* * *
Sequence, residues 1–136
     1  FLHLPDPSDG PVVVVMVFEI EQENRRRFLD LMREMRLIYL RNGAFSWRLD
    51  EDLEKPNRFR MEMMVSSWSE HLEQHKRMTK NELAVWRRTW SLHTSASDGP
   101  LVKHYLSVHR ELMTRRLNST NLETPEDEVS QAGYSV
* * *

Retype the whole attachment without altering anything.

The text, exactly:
Sequence, residues 1–136
     1  FLHLPDPSDG PVVVVMVFEI EQENRRRFLD LMREMRLIYL RNGAFSWRLD
    51  EDLEKPNRFR MEMMVSSWSE HLEQHKRMTK NELAVWRRTW SLHTSASDGP
   101  LVKHYLSVHR ELMTRRLNST NLETPEDEVS QAGYSV